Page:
And the doorbell rang again. 

They all froze. Except for the dog, who barked once. 

“Don’t panic…” Alice said, leaning back to look out the window. “But it looks like there’s a fucking SWAT vehicle in front of your house.” 

“Oh my god.” Quentin could feel his pulse in his face. “Everyone...shut up.” 

They all stared back at him, including the dog. 


He stood in front of the door for a second, taking a deep breath, and then another, and then another, and then the doorbell went off again, and he could hear his mother coming down the stairs, so he opened the door just enough for him to get through, and stepped out into the cold. 

“Hi,” Eliot said, looking down at him, breath turning to fog. “You’re not wearing any shoes.” 

“Nope!” Quentin said, too loud, and swallowed. “What’s up?” Behind Eliot, he could see all of his friends’ faces pressed against the living room window. 

“…” They were standing close together, wedged into the small shoveled square in front of the door. Quentin could feel the warmth coming off of him, and smell the sweet air that had seeped into his coat from Josh’s house. “I forgot.” 


“I got you something.” Eliot dug around in the pocket of his coat while the chill and a guilt settled into Quentin’s bones. “Here,” he said, and handed him something wrapped in a black gas station shopping bag. 

“ didn’t have to—” But Eliot held up a hand, and Quentin peeled back the bag. 

It was a package of black hair ties. 

“It’s stupid, but….” Eliot chuckled to himself, shrugged. “It was either this or a decent cup of coffee and, uh, obviously I couldn’t find one of—” 

“I have something for you, too,” Quentin said, gift in one hand and the other balled into a fist at his side. “But—one sec—” And he ripped a single hair tie out of the package with his teeth, and threw his hair up fast and messy, and dropped the rest of the package through the mail slot in the front door. And then he stood on his freezing toes, his socks already soaked through, grabbed Eliot by the collar of his coat, and kissed him. 

Almost immediately the front door burst open, and someone sitting in the truck rolled down the window and whistled, and Quentin didn’t care. Eliot’s nose was pressed into his cheek and as cold as his own, and his hands were freezing on the back of his neck, and still Quentin didn’t care. There was someone coming up the driveway and he could hear his mother scoffing and he just did not care.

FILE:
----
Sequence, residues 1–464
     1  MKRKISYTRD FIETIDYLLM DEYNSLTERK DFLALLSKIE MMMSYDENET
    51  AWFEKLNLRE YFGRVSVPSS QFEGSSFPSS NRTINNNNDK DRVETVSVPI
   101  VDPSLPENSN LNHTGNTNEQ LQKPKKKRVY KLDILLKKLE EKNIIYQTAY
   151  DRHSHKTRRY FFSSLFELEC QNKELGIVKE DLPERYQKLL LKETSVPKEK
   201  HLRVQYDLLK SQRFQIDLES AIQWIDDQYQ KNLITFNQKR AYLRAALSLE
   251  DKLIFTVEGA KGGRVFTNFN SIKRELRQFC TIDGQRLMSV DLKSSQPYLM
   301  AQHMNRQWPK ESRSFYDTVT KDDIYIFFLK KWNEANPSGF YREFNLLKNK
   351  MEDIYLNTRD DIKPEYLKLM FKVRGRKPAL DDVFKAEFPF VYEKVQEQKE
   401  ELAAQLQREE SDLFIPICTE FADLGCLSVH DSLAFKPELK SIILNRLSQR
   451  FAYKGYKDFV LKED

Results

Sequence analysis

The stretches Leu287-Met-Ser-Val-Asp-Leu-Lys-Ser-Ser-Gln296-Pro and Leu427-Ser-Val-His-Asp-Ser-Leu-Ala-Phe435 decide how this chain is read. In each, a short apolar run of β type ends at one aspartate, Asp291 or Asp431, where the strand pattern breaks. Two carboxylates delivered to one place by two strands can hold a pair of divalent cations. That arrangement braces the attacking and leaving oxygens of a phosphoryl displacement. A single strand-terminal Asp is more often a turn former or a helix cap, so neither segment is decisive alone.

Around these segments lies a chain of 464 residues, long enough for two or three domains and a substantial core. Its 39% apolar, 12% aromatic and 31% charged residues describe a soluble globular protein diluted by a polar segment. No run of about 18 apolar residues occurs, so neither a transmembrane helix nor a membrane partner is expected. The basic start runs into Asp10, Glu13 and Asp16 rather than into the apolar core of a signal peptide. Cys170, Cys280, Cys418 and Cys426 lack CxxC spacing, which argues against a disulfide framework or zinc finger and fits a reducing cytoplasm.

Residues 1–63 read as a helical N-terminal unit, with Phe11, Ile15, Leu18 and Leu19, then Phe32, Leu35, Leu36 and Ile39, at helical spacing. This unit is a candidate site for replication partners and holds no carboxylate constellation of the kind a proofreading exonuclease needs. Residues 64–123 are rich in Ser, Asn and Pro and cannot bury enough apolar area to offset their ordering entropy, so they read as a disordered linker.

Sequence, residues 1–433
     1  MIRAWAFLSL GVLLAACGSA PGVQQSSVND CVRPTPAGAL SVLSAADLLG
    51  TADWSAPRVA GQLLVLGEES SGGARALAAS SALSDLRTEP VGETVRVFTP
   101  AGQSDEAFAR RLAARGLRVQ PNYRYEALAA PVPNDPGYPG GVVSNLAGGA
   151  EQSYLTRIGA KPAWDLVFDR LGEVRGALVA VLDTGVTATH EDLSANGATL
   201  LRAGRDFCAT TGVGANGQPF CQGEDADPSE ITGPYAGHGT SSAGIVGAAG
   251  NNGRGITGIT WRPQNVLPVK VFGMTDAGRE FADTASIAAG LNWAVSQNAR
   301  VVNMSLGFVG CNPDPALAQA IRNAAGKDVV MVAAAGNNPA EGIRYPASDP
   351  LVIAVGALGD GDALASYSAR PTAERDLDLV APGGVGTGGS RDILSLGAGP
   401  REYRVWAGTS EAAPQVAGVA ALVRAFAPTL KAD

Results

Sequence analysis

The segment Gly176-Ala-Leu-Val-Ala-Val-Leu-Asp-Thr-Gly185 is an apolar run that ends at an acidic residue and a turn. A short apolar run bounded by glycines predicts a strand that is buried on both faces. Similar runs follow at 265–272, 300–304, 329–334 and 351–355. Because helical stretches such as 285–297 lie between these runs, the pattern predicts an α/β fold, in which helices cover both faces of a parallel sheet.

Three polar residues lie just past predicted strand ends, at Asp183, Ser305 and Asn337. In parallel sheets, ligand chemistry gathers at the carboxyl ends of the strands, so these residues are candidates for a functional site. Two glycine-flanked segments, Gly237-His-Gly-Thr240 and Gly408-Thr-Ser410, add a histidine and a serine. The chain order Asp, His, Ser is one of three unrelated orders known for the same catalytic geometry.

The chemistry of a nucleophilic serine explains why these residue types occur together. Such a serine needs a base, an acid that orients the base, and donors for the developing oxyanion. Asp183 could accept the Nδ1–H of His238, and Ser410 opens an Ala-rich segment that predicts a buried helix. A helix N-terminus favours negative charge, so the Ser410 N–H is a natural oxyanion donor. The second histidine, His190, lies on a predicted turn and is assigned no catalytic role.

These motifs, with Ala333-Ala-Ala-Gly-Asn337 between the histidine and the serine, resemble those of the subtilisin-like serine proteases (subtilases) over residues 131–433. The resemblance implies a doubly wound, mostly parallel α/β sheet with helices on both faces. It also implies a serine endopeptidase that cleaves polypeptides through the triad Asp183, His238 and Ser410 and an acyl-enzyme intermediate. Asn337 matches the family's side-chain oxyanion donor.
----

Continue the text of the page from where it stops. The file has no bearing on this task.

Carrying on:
Eliot smelled like gingerbread and tasted like really, really good coffee, and he was wrapping his coat around him and pulling him in close and that’s what mattered and—

“Alright, break it up—”

Quentin sighed as Eliot pulled back, but he was still trapped in the warmth of his big brown coat. A woman was standing next to them.

“If you’re not careful you’ll get stuck to each other like that kid and the flagpole.” The woman crossed her arms and grinned, wicked. 

Eliot cleared his throat. “Quentin, this is Margo.” 

She nodded at him, and Quentin smiled. “Um,” he said, feeling himself flush as he noticed his mother in his peripheral. “Eliot, this is…everybody.” 

Everyone stood very still for a moment before Margo finally broke the silence. 

“Hey, no offense, but I have a very big house and a surplus of Norweigian deserts that I—”

“Norweigian?” Eliot interjected, raising and eyebrow. Quentin reached his freezing hands further inside Eliot's warm coat, and felt him shiver when he rested them on the small of his back. Eliot smiled down at him, eyebrow still up, conspiratorial. 

“Yeah,” Margo said. “Norweigian. Who would’ve—”  

“Oh.” And Penny elbowed his way to the front of the group. “I love krumkake….” 


Later that night, Quentin’s mother sat between Fen’s grandparents, all of them cheerfully bemoaning international travel, while the rest of them gathered in Margo’s library, drinking wine and playing cards. There were things that weren’t being said, of course. Things about time and distance and money and life. These things were being forgotten for the moment, while a tin of wafer-thin cookies were passed around the room, and Fen fiddled with the record player, and Penny and Alice and Kady gambled away their chocolates. Instead, Margo and Eliot and Quentin and Julia sat against the bookshelves and talked about the things that mattered. Like the impossibly homey feeling of a basement bar in a Pittsburgh bed and breakfast. Like the generosity of unabashed midwesterners. Like the mounting sentiment of small gesture. Like the remorse of five Christmases spent in absentia, and the weight of a promise never to let it happen again. Things like how good the now was, and how distant the then would be; and how nice it was to sit among friends, hip to hip and shoulder to shoulder, at the end of a very, very long Christmas.